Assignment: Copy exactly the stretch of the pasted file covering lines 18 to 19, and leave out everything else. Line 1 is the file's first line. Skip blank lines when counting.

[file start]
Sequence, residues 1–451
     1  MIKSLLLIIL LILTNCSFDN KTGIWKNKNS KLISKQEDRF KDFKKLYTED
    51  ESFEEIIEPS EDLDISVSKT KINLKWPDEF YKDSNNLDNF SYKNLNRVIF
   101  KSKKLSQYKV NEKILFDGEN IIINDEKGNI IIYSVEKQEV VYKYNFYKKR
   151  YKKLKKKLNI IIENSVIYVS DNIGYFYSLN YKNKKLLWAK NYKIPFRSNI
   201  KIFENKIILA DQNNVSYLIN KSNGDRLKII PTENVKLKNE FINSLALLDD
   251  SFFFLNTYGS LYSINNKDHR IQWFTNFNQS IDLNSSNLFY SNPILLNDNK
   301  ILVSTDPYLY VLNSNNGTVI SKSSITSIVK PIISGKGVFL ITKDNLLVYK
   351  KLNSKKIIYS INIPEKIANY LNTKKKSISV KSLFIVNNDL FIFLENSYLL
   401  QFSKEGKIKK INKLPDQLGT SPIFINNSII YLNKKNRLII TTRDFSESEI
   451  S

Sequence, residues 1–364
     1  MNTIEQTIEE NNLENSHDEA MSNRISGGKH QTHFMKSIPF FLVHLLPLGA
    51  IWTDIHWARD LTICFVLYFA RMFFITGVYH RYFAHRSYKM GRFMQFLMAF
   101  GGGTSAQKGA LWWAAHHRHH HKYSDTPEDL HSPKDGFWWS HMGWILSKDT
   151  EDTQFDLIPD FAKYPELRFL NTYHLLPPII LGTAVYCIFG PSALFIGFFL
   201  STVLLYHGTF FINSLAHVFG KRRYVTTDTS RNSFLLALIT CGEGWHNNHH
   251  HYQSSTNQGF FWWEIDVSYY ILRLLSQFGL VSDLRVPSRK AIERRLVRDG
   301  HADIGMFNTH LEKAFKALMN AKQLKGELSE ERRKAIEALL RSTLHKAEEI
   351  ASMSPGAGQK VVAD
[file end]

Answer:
   251  HYQSSTNQGF FWWEIDVSYY ILRLLSQFGL VSDLRVPSRK AIERRLVRDG
   301  HADIGMFNTH LEKAFKALMN AKQLKGELSE ERRKAIEALL RSTLHKAEEI